Enteroclysis

In enteroclysis, a thin tube, or catheter, is inserted through your nose or mouth and passed through your stomach into the small intestine, or small bowel. Barium sulfate is infused directly into the small bowel; this contrast agent is opaque to x-rays and thus reveals any structural or tissue abnormalities on the x-ray images. Because the barium bypasses your stomach—avoiding dilution by its digestive juices—enteroclysis can provide a more accurate picture of the small bowel than a small bowel series.

Purpose of the Enteroclysis

  • To detect and evaluate Crohn's disease, an inflammatory condition affecting the last portion of the small intestine (ileum)
  • To diagnose Meckel’s diverticulum, a sac that pushes through the wall of the small bowel
  • To help identify the site of small bowel obstructions
  • To aid in the diagnosis of tumors

Who Performs Enteroclysis

Special Concerns about Enteroclysis

  • When perforation of the upper gastrointestinal tract is suspected, barium is not used because leakage of the dye could worsen any existing infection. A water-soluble contrast agent, diatrizoate (Gastrografin), is usually substituted.
  • Pregnant women should not undergo this test because exposure to ionizing radiation may harm the fetus.
  • Barium in the intestine from previous contrast x-rays, such as a barium swallow, may interfere with the results.
  • Patients with unstable vital signs must be closely monitored during this test.

Before the Enteroclysis

  • Be sure to inform your doctor of all drugs you regularly take. Some medications may need to be discontinued for 24 hours before the test.
  • Tell your doctor about any known drug allergies or sensitivities.
  • Do not eat, drink, or smoke after midnight on the day before the test.
  • Tell your doctor or nurse if you have constipation; an enema may be necessary.
  • You may be instructed to take a mild laxative or perform a mild cleansing enema on the day before the test.
  • Remove any metallic objects, such as jewelry, watches, dentures, or hairpins, before the test begins.
  • An intravenous (IV) catheter is inserted in a vein in your arm so that medications can be administered as needed during the procedure.

What You Experience during Enteroclysis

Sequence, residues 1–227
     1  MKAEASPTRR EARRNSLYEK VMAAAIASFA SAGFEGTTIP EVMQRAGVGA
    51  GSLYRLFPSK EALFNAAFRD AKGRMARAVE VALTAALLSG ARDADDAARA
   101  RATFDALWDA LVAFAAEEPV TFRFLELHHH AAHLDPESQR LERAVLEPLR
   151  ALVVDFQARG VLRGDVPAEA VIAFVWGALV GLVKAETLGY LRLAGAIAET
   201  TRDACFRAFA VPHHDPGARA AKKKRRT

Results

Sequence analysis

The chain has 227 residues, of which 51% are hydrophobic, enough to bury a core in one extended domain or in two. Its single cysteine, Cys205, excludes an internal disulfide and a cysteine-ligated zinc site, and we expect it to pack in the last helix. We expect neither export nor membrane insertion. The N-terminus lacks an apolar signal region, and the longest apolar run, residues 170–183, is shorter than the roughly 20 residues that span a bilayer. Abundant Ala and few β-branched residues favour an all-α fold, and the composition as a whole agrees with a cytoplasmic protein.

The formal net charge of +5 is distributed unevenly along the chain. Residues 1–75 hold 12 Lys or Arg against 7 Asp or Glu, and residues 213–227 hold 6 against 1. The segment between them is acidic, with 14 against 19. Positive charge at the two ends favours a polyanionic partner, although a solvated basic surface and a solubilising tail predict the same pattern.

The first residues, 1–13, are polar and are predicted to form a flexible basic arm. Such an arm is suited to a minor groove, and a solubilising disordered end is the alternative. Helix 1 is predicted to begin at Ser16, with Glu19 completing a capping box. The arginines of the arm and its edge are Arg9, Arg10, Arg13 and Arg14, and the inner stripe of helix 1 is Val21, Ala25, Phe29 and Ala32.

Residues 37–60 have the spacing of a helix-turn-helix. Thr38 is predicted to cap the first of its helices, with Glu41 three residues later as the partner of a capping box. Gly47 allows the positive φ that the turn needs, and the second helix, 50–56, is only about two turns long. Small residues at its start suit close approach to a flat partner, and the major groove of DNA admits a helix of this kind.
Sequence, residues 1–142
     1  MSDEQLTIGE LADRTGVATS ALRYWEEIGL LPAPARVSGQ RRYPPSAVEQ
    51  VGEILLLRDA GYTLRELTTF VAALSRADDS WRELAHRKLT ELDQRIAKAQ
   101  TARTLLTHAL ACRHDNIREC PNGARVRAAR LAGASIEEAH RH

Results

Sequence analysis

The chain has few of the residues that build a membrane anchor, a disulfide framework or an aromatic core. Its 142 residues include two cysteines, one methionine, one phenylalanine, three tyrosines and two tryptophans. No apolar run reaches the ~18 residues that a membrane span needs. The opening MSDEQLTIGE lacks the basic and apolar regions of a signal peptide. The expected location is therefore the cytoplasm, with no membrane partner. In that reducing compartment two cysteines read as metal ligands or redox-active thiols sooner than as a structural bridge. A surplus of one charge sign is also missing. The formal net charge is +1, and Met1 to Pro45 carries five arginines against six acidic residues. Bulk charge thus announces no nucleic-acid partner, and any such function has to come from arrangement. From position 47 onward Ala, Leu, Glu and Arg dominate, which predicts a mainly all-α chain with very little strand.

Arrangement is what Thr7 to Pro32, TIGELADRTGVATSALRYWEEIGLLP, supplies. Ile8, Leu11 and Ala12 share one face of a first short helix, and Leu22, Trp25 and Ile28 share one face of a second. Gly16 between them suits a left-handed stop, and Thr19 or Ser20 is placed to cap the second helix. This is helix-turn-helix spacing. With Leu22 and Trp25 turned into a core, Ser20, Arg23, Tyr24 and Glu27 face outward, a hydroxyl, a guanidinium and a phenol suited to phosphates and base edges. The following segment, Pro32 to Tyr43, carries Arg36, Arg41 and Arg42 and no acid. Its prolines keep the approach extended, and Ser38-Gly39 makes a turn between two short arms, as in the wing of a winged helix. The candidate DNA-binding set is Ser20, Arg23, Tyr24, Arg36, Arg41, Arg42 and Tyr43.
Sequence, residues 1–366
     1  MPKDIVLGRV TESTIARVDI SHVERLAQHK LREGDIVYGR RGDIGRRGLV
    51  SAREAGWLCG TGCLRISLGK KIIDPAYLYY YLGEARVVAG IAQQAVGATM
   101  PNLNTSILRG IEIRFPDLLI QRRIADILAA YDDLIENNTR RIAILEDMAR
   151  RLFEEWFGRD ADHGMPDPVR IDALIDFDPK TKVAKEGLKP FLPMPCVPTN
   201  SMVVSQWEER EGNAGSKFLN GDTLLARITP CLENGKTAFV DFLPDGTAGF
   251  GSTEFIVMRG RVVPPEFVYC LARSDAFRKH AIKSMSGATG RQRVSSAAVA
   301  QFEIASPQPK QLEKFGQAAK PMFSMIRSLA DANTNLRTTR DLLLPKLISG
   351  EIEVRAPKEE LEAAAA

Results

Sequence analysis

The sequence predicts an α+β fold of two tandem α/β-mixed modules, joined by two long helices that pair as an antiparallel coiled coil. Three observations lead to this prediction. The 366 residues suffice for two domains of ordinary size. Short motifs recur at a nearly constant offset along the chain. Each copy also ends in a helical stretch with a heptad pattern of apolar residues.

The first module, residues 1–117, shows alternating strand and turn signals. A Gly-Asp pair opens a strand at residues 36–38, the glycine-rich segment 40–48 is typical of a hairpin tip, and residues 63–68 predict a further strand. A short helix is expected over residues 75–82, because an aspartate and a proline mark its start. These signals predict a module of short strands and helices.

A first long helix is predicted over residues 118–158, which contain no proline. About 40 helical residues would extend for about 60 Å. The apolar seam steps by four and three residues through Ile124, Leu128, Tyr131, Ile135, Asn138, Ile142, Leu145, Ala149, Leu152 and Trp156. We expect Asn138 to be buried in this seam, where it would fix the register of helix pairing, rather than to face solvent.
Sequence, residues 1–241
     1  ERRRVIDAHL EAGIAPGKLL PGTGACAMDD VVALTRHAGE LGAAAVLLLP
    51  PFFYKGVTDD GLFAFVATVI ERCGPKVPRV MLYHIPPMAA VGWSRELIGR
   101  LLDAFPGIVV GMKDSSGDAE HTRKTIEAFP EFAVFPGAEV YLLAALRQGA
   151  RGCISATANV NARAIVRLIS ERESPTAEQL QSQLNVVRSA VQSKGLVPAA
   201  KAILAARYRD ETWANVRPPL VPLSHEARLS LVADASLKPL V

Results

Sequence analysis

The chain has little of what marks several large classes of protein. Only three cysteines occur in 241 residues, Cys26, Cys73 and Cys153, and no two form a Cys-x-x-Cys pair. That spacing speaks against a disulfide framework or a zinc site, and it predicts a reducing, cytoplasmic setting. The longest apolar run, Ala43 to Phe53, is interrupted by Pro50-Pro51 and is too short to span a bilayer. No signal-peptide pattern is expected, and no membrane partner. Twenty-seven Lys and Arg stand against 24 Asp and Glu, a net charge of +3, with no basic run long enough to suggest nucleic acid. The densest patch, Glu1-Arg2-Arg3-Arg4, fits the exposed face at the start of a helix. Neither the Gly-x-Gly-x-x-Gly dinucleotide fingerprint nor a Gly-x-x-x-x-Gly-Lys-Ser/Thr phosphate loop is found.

• You are asked to lie on your back on an x-ray table. Before the test begins, you may receive an IV sedative to relax you.
  • Then you will sit up and the radiologist will use numbing spray to numb the back of your throat, reducing your gag reflex. A catheter is then passed through your nose or mouth. (A local anesthetic is usually sprayed inside your nose or throat to make the catheter insertion more comfortable.)
  • With the aid of fluoroscopy, which transmits continuous, moving x-ray images onto a viewing screen, the radiologist guides the catheter through your stomach and into the initial portion of the small bowel.
  • A small balloon at the tip of the catheter is inflated to prevent barium from flowing back into your stomach.
  • Barium is administered through the catheter. (In some cases, the bulking agent methylcellulose is also given to distend the walls of the small bowel further and provide a clearer picture of the area.) You may feel a sensation of fullness in your abdomen.
  • The radiologist observes the flow of barium through the small bowel via fluoroscopy.
  • At various points during the exam, you will be instructed to move into different positions as spot x-ray films are taken of any abnormalities. As each x-ray is taken, you should hold your breath and remain as still as possible.
  • Once the exam is completed, the doctor deflates the balloon and removes the catheter.
  • The procedure takes about 1 hour.

Risks and Complications of Enteroclysis

  • Although radiation exposure is minimal, you receive a higher dose of radiation than during standard x-ray procedures.
  • In rare cases, an allergic reaction to medications prescribed for the examination may occur.
  • Very rarely, injury to bowel structures may occur during the study.
  • The barium may accumulate and block the intestines if it is not excreted within a few days. Contact your doctor if the barium has not passed through your system within 2 or 3 days following the test.

After the Enteroclysis

  • Your vital signs are monitored in a recovery area until you are alert.
  • If you received a sedative, someone should drive you home.
  • If a local anesthetic was administered inside your throat, do not eat or drink until your gag reflex returns, usually in a few hours. (Touching the back of the throat with a tongue depressor tests for this reflex.)
  • Drink plenty of fluids to help eliminate the barium. Your doctor may also give you a mild laxative to purge your body of the contrast agent.
  • Your stool will be chalky and light-colored initially, but should return to normal color after 1 to 3 days.

Enteroclysis Results

  • The doctor will examine the recorded x-ray images for evidence of any abnormality.
  • If a definitive diagnosis can be made, appropriate treatment will be initiated.
  • In some cases, additional tests, such as a small bowel biopsy, may be needed to further evaluate abnormal results.

Source:

The Johns Hopkins Consumer Guide to Medical Tests

Simeon Margolis, M.D., Ph.D., Medical Editor

Updated by Remedy Health Media

Publication Review By: the Editorial Staff at Healthcommunities.com

Published: 11 Jan 2012

Last Modified: 11 Jan 2012